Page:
Mosley: It’s Complicated
1 Hour 32 Minutes
Unable to enter politics because of his parents personal and political associations (Max’s parents were married on Joseph Goebbels’ estate with Hitler as a guest of honour, while his father, Oswald, was also leader of the British Union of Facists), Max fought to make his own way. He became a racing driver, established his own successful Formula One team, March Engineering. Then, together with Bernie Ecclestone, he wrestled control of the sport from the governing body on behalf of the constructors and turned it into the most lucrative sport in the world.
As president of the FIA, he went on to oversee vast strides in car safety on and off the track, saving an inestimable number of lives. “Max Mosley was a forerunner in making motor racing a laboratory for road safety and the environment,” notes his successor as FIA president, Jean Todt.
The documentary covers pivotal moments such as the deaths of Jim Clark, Roger Williamson and Ayrton Senna, as well as the 2005 Indianapolis tyre debacle and the McLaren ‘Spygate’ drama, about which he has some rather brutal words for Ron Dennis.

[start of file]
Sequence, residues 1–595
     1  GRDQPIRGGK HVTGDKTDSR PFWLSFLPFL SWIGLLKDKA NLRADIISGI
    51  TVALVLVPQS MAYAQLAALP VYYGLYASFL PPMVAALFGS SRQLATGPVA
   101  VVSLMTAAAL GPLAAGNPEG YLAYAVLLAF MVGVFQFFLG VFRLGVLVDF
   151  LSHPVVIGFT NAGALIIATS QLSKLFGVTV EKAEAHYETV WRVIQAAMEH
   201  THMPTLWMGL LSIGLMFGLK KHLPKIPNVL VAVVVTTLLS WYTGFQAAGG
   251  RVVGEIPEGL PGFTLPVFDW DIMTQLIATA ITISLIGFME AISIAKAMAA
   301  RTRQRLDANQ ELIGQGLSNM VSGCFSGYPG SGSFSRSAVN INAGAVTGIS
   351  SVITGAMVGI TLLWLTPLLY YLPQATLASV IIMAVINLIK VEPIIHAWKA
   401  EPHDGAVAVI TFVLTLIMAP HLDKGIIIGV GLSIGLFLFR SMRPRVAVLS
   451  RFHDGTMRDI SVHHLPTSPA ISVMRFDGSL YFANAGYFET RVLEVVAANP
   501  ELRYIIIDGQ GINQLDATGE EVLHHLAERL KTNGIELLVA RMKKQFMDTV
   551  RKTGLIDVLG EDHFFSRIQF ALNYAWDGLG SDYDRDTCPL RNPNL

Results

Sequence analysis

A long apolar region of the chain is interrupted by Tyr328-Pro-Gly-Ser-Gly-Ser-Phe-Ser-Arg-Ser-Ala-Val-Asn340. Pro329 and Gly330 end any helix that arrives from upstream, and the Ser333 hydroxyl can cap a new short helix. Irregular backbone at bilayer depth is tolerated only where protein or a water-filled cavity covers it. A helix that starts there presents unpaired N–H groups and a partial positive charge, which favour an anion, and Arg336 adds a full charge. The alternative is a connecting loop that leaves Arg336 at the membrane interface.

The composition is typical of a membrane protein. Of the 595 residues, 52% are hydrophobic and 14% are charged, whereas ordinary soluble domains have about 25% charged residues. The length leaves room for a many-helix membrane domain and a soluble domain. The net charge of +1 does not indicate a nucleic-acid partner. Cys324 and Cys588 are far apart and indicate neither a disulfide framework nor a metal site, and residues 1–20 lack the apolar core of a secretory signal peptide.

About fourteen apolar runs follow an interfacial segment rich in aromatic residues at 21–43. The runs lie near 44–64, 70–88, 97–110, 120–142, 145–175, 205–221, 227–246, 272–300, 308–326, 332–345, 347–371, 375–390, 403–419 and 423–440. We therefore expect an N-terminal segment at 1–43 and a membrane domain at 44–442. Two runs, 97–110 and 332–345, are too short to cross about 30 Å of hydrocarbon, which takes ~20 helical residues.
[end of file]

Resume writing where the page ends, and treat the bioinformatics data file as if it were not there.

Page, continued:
Over fifty years, Mosley achieved great things, making the family name well respected, until a hidden camera at a BDSM ‘party’ exposed his colourful sex life in the British tabloids. Some colleagues and friends turned against him. In the film, Bernie cites his decision to briefly withdraw support from his friend “of all the things I’ve done in my life, it’s the one thing that I’m ashamed of.”
Most public figures would have hidden away, but not Max, who argued his personal affairs are nobody else’s business. He sued the News of the World, and won, and was a driving force in the Leveson phone-hacking inquiry. He then went after the lawmakers to implement greater press regulation and data protection laws.
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May 5, 2021